NCAA penalizes EC for awarding athletic scholarships, places school on probation

The 2012 EC football team celebrates their CCIW conference championship win by ringing the bell at Langhorst field, their championship win is now forfeited as a result of EC’s financial aid infractions.  Internet photo

The 2012 EC football team celebrates their CCIW conference championship win by ringing the bell at Langhorst field, their championship win is now forfeited as a result of EC’s financial aid infractions.  Internet photo

by Cole Sheeks, Sports Editor

Follow him at @ColeSheeks

After an investigation determined that the school illegally awarded athletic scholarships to 26 different students over a four year period, EC was punished by the NCAA on Oct. 27 and placed on probation.

The college is claiming it was an “unfortunate clerical error,” however, it admitted fault in committing major violations of NCAA legislation when it awarded five institutional scholarships to athletes on 42 different occasions beginning during the 2012-2013 school year.

Three of the scholarships included athletic based criteria while the other two were awarded by the director of financial aid under the impression that they were in fact athletic scholarships.

Upon receiving that aid, all of those players were ineligible to compete at the Division III level, as schools at that level are restricted from awarding scholarships based on athletics.

EC established two initial athletic scholarships in 2013 and 2014. The first scholarship was created for athletes interested in the medical field, while the second scholarship was intended for football players.

A third athletic based scholarship was created for members of the wrestling team.

According to the NCAA report, “institutional personnel knew that athletic criteria could not be considered when awarding financial aid, but established the scholarships and awarded the aid regardless.”

Paul Krohn, the school’s athletic director, declined to comment on the matter and directed any requests to administration.

Julie Hall, assistant athletic director and head volleyball coach, also declined to comment, citing a need to focus on the ongoing volleyball season.

EC President Troy VanAken made it clear that the school had no intent when creating the athletic scholarships, mentioning that the language of the scholarship agreements was written in 1965, “back when the NCAA wasn’t engineered the way it is now.”

“Where we had an administrative let down was [when] we cut and pasted that problematic language into future scholarship agreements,” continued VanAken.

VanAken went on to add that this was not a tactical maneuver by the school, rather, it was simply an, “unfortunate clerical error.”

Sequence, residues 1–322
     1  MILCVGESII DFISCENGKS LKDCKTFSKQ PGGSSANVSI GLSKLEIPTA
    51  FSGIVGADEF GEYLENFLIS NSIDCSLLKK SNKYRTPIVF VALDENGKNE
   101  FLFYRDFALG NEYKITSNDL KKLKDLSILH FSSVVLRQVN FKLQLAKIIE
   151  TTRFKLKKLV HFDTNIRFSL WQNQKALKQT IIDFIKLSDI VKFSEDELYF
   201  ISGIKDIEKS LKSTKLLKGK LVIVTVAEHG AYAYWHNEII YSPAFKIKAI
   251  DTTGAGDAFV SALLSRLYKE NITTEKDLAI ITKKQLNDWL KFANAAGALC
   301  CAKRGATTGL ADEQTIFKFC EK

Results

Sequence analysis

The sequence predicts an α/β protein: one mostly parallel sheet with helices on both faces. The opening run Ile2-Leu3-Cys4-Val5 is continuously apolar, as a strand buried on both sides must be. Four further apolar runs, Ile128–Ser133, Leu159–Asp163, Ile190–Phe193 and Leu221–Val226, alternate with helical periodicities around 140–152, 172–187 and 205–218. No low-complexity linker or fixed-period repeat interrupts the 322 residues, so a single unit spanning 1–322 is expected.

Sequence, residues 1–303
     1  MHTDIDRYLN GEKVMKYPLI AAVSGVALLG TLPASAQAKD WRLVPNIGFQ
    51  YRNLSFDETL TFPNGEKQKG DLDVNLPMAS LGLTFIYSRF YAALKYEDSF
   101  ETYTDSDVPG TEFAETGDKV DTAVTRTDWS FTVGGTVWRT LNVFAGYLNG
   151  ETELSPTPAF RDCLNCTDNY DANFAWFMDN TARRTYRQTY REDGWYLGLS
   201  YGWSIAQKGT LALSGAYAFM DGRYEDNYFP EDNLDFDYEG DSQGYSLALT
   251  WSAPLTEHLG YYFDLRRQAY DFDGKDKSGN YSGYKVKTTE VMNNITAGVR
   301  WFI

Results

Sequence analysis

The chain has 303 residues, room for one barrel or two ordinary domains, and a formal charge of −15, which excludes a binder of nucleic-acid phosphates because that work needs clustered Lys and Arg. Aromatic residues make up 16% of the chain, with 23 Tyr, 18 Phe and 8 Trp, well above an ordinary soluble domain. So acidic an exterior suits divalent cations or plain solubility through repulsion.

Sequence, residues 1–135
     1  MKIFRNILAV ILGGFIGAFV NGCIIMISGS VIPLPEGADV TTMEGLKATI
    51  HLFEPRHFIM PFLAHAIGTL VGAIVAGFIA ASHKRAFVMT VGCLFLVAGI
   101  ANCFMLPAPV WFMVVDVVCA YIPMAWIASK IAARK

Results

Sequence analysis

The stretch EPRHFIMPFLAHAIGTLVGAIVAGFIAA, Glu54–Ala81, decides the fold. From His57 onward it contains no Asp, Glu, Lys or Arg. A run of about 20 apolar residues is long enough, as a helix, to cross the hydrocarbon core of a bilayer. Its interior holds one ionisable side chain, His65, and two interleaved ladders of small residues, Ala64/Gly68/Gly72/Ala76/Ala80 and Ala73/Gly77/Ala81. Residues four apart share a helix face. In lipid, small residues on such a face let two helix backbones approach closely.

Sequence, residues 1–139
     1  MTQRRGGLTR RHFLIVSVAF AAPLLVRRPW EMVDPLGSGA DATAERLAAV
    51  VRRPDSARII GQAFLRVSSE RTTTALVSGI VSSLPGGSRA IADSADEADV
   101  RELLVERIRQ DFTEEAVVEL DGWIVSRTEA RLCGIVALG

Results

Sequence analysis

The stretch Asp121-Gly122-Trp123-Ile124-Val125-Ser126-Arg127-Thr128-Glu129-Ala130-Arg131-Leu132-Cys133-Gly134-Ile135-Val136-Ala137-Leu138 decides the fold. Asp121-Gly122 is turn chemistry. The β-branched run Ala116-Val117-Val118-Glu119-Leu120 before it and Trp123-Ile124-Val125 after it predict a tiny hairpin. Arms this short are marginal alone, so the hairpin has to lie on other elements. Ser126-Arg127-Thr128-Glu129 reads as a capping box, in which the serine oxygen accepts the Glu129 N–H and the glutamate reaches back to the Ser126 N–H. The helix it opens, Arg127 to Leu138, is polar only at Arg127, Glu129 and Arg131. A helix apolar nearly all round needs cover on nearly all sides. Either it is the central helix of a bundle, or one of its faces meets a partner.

In 2014, EC received a warning from the NCAA that said the school may have had issues regarding financial aid rules compliance, yet EC took no action and violations continued.

“The [warning] letter came to the president’s office. The president’s office was in transition at that time,” said VanAken. 

The president in 2014 was Dr. S. Alan Ray, who was succeeded by interim president Dr. Larry A. Braskamp before VanAken eventually took over in June of 2016.

“A lot of things were going on at that time and yeah ... had we got on it at that time, we would be talking about something else, but we didn’t.” said VanAken.

The NCAA report goes on to mention that the school awarded roughly $126,216 of impermissible financial aid to 26 players across 10 sports.

According to a campus wide email from VanAken, the 10 sports found in violation of NCAA rules were men’s cross country, men’s track and field, football, men’s lacrosse, men’s soccer, wrestling, women’s basketball, women’s golf, women’s lacrosse, women’s soccer, and volleyball.

As a result of these actions, the school will face a number of penalties from the NCAA, including vacated wins and records, two years of probation and a $2,500 fine.

VanAken’s email goes on to mention that, “no coaches or athletic staff were involved in any way,” and that, “none of the 26 students was aware that they had received impermissible aid.”

The NCAA report mentions that the director of financial aid felt “pressure” from an EC development staff to award the scholarships.

“We don’t know exactly what that means, when a term is used like ‘pressure’ said Desiree Chen, senior director of communications and external relations. “What we do know is that it was a period of leadership transition and so obviously the financial aid director did not receive the kind of support that was needed to know that what was happening was wrong.”

“I wasn’t here then,” said VanAken, reiterating Chen’s remarks. “We don’t know what specifically took place.”

The report suggests that the development staff’s intentions were to follow “wishes” of the scholarship donors in order to, “award competitive financial aid packages, which would increase enrollment and help realize ‘real dollars’ for the institution.”

EC administration declined to identify any members of the development staff.

The director of financial aid, who EC administration also declined to identify, failed to report that pressure to her supervisor and the NCAA reports that, “she alone was responsible for making the awards that resulted in the violations.”

VanAken noted that EC has been compliant with NCAA rules for the past two financial aid award periods.

“What we can assure you is that today, both last year and this year, people are doing their jobs according to NCAA guidelines and what we’re wanting to see done here at the institution.”